Dates and Venue May 25 - June 10, 2017, 8pm | PAL Studio Theatre, 581 Cardero St
Director Stephen Heatley Production Design Daniel VanHeyst Sound Design Stephen Bulat Stage Manager Jessica Keenan
Reviewer Christian Steckler
High school is a mixture of heaven and hell for students and teachers alike. Dawning awareness of life, shared with sincere and like-minded friends, liberate and comfort students as they find their ways toward independence; and all too rare meaningful connections with searching minds and souls are golden moments for teachers. Such are ways that high school can be heaven. Hell is there, too, though, as self-doubt and crippling missteps torture young minds and spirits as they struggle to determine who they will be; and cynical rebuffs of heartfelt understanding and empathy frustrate dedicated teachers. In The Hunger Room, Scott Button illustrates this mixture in his masterful portrayal of characters who become embroiled in a dark plot of exploitation, confusion, submission and betrayal.
The play centers on three bright students on the verge of graduating, Caitlin, Anna and Tyler, each of whom has what appear to be normal - at least understandable- hangups in line with their backgrounds. Caitlin (Camille Legg) impresses us as the most worldly, with all that this might imply, both sweet and bitter. She is the cheeky and cynical daughter of an abusive father. Her boldness and background make her a challenging and yet sensitive friend to relatively naive Anna (Raylene Harewood), who is fettered by strict parents and hence, limited life experience. Tyler (Matt Reznek), recently orphaned and living with an often absent aunt, has been dating Caitlin in a relationship that hasn’t managed to move very far forward. All three actors are brilliant in their roles, combining brashness and fragility in each of their characters, knowing when to let loose, and when to restrain, and making the teenagers absolutely credible.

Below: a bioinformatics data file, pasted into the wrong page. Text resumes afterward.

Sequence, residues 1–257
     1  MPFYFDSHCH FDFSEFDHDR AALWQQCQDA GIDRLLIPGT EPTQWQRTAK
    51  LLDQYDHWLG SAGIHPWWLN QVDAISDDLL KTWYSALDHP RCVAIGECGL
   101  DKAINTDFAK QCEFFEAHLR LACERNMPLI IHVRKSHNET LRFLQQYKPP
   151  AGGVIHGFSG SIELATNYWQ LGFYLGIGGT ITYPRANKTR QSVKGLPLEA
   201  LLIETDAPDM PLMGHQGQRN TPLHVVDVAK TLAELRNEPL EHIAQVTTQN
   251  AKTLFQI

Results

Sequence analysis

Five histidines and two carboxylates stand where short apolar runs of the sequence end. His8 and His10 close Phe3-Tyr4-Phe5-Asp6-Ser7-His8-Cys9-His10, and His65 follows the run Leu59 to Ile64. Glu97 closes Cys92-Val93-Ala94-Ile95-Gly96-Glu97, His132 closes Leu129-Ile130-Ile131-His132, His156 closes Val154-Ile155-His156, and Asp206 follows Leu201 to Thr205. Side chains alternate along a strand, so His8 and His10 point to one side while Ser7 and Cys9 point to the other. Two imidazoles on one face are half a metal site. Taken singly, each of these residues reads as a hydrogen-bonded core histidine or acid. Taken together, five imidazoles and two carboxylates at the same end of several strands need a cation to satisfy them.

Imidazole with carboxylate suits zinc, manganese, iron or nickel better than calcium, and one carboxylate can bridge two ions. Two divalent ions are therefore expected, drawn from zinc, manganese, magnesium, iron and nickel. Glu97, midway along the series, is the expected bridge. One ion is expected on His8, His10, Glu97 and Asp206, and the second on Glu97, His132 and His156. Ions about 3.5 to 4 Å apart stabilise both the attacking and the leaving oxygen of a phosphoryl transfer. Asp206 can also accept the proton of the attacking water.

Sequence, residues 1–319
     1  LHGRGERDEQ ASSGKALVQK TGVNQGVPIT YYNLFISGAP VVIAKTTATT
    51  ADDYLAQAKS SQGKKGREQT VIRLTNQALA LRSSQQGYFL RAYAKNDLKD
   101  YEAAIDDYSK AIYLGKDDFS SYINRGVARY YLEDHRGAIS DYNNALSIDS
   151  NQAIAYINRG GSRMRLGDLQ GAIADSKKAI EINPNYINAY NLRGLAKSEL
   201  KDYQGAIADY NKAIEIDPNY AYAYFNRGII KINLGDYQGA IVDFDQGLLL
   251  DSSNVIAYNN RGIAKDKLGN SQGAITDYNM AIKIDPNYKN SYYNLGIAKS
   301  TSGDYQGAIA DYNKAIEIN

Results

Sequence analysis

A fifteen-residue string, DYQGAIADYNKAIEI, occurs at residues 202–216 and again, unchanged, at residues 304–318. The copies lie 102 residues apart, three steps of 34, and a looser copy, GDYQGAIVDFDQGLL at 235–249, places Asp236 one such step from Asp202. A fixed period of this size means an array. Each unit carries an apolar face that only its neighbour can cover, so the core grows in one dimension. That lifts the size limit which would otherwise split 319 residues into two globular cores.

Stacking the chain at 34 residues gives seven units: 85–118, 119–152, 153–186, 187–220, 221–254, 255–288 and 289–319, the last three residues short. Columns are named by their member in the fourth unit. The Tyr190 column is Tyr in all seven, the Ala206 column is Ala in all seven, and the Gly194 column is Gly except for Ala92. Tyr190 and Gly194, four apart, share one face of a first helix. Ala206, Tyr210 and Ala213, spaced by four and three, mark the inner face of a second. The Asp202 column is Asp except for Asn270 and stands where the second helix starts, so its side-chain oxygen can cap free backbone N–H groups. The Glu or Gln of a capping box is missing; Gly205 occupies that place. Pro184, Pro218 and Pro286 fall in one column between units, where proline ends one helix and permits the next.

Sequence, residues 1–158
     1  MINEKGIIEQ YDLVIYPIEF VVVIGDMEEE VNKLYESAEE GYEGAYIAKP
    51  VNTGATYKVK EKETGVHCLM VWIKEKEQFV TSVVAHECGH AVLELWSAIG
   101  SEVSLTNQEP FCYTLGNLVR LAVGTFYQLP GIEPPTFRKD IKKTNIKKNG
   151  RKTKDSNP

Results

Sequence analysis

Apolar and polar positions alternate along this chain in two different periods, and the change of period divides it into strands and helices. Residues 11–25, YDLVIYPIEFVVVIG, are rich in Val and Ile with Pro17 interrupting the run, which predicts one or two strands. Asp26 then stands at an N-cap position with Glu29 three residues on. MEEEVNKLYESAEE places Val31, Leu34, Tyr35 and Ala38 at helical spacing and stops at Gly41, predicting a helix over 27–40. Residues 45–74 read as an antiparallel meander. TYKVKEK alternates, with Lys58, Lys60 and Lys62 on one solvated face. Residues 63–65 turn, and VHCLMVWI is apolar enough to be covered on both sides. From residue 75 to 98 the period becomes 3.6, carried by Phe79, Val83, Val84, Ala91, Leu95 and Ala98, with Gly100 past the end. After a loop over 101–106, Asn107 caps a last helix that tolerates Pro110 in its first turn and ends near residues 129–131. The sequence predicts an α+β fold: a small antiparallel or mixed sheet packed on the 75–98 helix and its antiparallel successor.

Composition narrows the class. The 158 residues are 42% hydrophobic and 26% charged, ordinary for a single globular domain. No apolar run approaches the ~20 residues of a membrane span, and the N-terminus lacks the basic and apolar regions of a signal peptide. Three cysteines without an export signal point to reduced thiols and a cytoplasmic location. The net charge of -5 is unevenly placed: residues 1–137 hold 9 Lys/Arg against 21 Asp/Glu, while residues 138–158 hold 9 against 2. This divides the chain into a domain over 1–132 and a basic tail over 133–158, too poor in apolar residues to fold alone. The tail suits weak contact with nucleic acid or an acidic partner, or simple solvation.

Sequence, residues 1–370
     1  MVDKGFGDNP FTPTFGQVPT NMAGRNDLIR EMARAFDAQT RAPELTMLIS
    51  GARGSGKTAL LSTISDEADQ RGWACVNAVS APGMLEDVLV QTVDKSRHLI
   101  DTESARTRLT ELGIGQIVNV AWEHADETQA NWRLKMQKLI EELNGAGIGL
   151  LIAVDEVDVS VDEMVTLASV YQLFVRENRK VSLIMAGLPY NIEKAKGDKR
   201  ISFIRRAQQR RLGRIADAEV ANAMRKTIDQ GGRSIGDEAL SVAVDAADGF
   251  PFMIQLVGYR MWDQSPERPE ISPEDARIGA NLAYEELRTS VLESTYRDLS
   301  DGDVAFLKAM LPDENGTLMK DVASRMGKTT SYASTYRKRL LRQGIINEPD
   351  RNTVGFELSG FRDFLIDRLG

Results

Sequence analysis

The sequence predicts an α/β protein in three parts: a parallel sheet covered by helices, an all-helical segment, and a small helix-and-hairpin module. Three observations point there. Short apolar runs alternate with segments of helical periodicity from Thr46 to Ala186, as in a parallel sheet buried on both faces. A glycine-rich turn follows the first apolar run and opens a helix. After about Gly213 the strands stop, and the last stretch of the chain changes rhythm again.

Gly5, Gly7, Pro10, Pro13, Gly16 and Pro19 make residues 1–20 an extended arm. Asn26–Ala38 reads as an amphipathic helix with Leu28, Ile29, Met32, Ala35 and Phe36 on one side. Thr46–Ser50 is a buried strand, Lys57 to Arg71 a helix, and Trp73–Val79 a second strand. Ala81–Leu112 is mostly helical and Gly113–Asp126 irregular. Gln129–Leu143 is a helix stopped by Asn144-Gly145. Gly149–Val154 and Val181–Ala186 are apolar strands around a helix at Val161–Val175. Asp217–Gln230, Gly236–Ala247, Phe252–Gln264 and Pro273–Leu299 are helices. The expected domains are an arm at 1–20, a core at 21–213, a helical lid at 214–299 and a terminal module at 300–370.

A series of disturbing letters to individual girls at the high school has propelled concerned teachers, including a temporary vice-principal and a dedicated photography teacher, into the centre of the inquiry. Mr. Richards (Evan Frayne) is the popular temporary vice-principal charged with leading the investigation of the disturbing letters, and Mr. Milette (Joey Lesperance) is the sincerely dedicated photography teacher who has never yet managed to be cool enough to catch the respect of his students. As a former high school teacher, I can bear witness that these gentlemen master the portrayal of actual characters so often seen in high school staff - the one, cocky and self-confident, always knowing that his rapport with the kids is his saving grace; the other, absolutely dedicated, perhaps trying too hard, yet always sensing that he’s not connecting with the kids, but not knowing how to fix it.
These students and
teachers are in every high school. Sometimes, so are the shocking actions
that we see unfold in this production. The true-to-life pictures of
these characters undoubtedly show the stunning talent of the playwright,
Scott Button. To top it off, the magical touch of Stephen Heatley’s
direction, great production values, set layouts and sound design, and
the outstanding performances of all five actors lift this play to a
thought-provoking and meaningful experience for the audience. Absolutely
real characterizations, a daring and relevant plot with diabolical twists,
and unquestionable talent on stage and in the wings make The Hunger
Room a must-see.
© 2017 Christian Steckler